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  • Jo

Tie Me Up, Scotty...

This is a great present for yourself or a friend or a lover but weird to give to your boss or nephew.


In the West Village of New York City, there (was and is) a dive bar the size of a subway car sandwiched between an old diner and an upscale kid’s clothing store because, well, that’s New York. This is where I bartended out of college, thinking that it would be a chill place to pass the time before I emerged as the next Jennifer Anniston. My thinking was that I made the same in tips opening a beer as I did fussing over a muddled mango raspberry mojito and that opening a beer took a lot less time. My thought process was that by the sheer volume of drinks I’d be able to serve, I’d make more money in a dive bar than in a high-maintenance place serving the aforementioned muddled situation. What I didn’t know was that I was walking in on a longtime family of regulars and an interesting microcosm of the city.

I had a lot of the day shifts since I was the newest hire. Most of the bartenders had been there for years. This situation would have been deathly boring anywhere else but as this bar’s customers took their drinking very seriously, you could always count on people waiting for you to open at 12:01 pm. The usual crowd included construction workers, local neighbors, and red-faced men in rumpled suits who refused to make eye contact.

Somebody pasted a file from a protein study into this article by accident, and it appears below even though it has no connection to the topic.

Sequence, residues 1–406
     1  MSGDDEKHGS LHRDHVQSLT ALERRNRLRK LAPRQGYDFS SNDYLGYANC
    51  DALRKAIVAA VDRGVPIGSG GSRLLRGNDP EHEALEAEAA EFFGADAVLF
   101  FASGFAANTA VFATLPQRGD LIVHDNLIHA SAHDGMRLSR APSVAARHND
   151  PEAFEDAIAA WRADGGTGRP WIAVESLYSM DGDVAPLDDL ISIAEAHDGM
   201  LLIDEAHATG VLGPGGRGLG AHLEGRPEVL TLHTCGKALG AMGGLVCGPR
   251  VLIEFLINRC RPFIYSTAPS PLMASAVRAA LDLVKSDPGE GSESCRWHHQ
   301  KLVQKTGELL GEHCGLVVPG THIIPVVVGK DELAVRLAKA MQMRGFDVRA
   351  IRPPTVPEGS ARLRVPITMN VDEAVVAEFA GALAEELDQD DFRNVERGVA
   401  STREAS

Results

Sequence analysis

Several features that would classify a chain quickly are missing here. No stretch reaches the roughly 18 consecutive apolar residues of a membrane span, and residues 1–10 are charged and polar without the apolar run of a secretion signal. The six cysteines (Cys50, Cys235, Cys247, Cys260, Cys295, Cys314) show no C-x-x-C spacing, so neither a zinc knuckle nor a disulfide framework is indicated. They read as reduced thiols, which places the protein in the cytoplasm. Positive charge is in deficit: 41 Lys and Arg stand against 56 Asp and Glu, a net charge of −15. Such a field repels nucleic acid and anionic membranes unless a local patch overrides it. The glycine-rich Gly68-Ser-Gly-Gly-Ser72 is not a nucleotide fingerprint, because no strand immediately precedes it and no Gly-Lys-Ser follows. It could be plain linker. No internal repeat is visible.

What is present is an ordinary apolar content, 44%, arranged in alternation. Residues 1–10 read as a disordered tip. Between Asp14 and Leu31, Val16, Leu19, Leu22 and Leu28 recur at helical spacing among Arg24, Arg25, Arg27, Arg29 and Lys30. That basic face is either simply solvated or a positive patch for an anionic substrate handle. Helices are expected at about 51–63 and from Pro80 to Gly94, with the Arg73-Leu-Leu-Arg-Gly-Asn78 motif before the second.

When I started working there, it was pretty easy to remember everyone’s names, drinks, and stories. And if you forgot, you could just wait until they’d finished their third round and wouldn’t be the least bit offended if you asked them their name for the fourteenth time. Really, you could ask them anything and you’d get a sincerely honest answer. As long as you remembered their vodka preference. When you drink a lot, this is part of your identity. Or, at least, it is in a bar.

It was a quiet day in the Fall, maybe October, when New York is seriously underrated and just beautiful. The days are crisp, the foliage adds a certain cinematic feel to the city and you can pretend that you’re starring in a romantic film just by tossing your newly purchased scarf over your shoulder and feeling the warm sun on your face. I wasn’t doing either of those things on this particular day, because I had a long shift in the dark bar that smelled like a combination of dust, beer, and urine. I was cleaning out the speed rack to avoid a customer with enough tattoos on his face to make Post Malone look like a boy scout when I heard an intense crashing sound right above me.